Nationals Should Consider Resiliency of Pirates
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When the resident baseball team gathers again today at Nats Park, the mood figures to be somber, the look in the eyes shell-shocked. That’s natural when all the brave talk by the players and their manager about their mega-disappointing first three and a half months turning around after the All-Star break was shown to be just talk during the weekend’s sweep by the visiting Dodgers.
Not only did Washington lose three straight to Los Angeles, it went down with its three aces, Stephen Strasburg, Gio Gonzalez and Jordan Zimmermann, on the mound. Admittedly, Strasburg pitched well other than allowing a two-run homer, and Gonzalez was lights-out, but the Nats’ floundering offense produced all of five runs.
Other than Jayson Werth’s two home runs in yesterday’s 9-2 drubbing in which All-Star Zimmermann delivered the worst performance of his career, the only good news was that National League East frontrunner Atlanta and Cincinnati, which holds the NL’s playoff berth, both lost, allowing Washington to stay seven games back of both at 48-50.
But as the downbeat Nats emerge from the home dugout for batting and fielding practice – and boy do they need both as they rank 13th out of 15 teams in the former category and 14th in the latter – they should take a good, hard look at the carefree bunch from Pittsburgh whom they’ll be playing over the next four days.
The Pirates know from hard times better than any team in the majors. In fact, Pittsburgh’s 20 straight losing seasons is a major pro sports record. But after beating the Reds yesterday, the Pirates are 57-39, just two games behind baseball’s best team, St. Louis, in the NL Central and three games ahead of the Reds in the battle for the first wild card spot.
That’s an amazing accomplishment nearly 60 percent of the way through the season for a franchise that has been down since George H.W. Bush was in residence at 1600 Pennsylvania Avenue.
From 2005-10, Washington was 147 games under .500. No NL team was close to that bad. Except for Pittsburgh, that is. The Pirates were 185 games under .500. That’s an average of 31 games under each season. Pittsburgh had a losing record after every single game in 2006 and only made it past May 4 with a winning mark in one of the other five years. That was in 2005, when that relative success lasted all the way to June 12. There was no joy in the ballpark during the summers in the ‘Burgh.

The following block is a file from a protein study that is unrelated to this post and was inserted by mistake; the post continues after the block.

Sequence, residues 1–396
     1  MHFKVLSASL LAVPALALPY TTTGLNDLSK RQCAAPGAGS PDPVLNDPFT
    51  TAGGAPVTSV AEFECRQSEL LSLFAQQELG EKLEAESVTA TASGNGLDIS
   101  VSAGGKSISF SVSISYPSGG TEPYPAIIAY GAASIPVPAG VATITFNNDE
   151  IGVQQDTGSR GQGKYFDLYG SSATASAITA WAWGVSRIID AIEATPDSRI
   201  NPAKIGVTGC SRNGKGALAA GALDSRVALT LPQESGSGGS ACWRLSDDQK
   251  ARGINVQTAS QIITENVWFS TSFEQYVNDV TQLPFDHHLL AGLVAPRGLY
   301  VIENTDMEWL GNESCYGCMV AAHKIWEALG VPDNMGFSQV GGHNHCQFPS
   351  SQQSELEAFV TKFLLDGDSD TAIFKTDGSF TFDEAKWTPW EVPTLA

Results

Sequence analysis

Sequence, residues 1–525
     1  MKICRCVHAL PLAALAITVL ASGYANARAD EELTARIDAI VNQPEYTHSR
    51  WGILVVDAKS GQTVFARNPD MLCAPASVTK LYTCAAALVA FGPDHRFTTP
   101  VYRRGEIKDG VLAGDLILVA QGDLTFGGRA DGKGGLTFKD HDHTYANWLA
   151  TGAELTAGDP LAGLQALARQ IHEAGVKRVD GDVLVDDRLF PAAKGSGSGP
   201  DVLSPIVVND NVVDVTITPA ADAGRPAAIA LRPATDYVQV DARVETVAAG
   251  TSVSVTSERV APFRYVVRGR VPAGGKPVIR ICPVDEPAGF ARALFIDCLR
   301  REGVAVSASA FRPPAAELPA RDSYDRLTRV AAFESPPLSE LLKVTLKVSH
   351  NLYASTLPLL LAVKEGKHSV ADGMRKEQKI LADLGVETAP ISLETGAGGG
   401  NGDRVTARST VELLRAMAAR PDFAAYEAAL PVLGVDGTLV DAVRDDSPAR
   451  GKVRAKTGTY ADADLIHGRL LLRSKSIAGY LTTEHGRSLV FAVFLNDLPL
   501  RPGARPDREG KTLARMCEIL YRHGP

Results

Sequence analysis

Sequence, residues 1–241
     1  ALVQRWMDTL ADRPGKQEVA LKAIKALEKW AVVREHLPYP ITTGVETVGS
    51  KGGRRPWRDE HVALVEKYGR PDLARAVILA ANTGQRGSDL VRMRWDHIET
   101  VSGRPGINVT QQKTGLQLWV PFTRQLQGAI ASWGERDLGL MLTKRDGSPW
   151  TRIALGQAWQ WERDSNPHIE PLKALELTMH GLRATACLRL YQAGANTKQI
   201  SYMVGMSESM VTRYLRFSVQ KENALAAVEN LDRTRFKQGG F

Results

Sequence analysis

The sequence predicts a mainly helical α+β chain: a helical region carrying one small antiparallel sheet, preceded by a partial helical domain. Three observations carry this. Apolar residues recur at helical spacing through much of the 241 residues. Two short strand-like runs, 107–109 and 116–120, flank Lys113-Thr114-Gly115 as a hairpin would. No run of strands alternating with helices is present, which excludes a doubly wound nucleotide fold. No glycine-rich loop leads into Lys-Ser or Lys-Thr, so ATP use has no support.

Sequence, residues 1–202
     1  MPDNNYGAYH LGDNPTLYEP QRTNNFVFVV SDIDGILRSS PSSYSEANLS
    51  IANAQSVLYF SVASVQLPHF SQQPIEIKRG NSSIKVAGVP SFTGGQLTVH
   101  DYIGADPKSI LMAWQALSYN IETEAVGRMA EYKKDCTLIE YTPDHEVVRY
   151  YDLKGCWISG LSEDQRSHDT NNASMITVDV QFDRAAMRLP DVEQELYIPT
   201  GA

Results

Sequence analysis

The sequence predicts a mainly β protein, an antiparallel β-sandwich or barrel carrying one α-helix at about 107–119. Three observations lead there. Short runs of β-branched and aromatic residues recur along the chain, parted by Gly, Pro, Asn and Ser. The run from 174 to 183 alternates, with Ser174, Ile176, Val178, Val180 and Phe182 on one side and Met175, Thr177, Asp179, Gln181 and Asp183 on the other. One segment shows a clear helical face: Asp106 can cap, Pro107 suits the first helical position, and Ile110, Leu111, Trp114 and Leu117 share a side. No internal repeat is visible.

Things began to change in 2011 when the Pirates were still winners on Aug. 3 only to collapse to a 72-90 finish, which was still their best in seven years. Last season, Pittsburgh was 10 games over on Aug. 25 and even on Sept. 19 only to wind up at 79-83.
So if the Nats feel like Wile E. Coyote did after getting smacked in the face by a frying pan following eight losses in their past 10 games, they should consider the resiliency of the Pirates. Ross Ohlendorf pitched for Pittsburgh from 2009-11 and can certainly fill in his teammates on what those years were like.
Third baseman Pedro Alvarez, outfielders Garrett Jones, Andrew McCutchen and Jose Tabata, and pitchers James McDonald (currently on the disabled list) and Charlie Morton played for the 2010 Bucs, who lost 105 games. Manager Clint Hurdle, infielder Josh Harrison and pitchers Jason Grilli, Jared Hughes (also on the DL) Jeff Locke and Tony Watson were all part of the late-summer nosedives the past two years.
That’s a fairly substantial part of Pittsburgh’s roster that has survived the agony and emerged into the sunshine of the third-best record in the majors, trailing only the Cardinals and the Boston Red Sox.
Washington manager Davey Johnson, who’ll send struggling veteran Dan Haren and rookie Taylor Jordan to the mound the next two nights as the Nats try to avoid falling three games under .500 for the first time since Sept. 24, 2011, knows that his team can still deliver a renaissance.
Johnson’s 1996 Baltimore Orioles lost seven of eight to fall under .500 on July 26. They went 38-23 the rest of the way to grab the American League’s then-lone wild card berth.
That was a franchise that hadn’t reached postseason in 13 years. In contrast, these Nats know how to win. Seventeen of the current 25 players contributed to baseball’s best record last season and were a strike away from the NL Championship Series. It’s beyond time for them to show that last season wasn’t a fluke, that this year’s funk isn’t who they truly are.
David Elfin began writing about sports when he was a junior at Bethesda-Chevy Chase High School. He is Washington’s representative on the Pro Football Hall of Fame selection committee and the author of seven books, most recently, “Washington Redskins: The Complete Illustrated History.” A pre-game regular on 106.7-The Fan the last three Redskins seasons, he has been its columnist since March 2011. Follow him on Twitter: @DavidElfin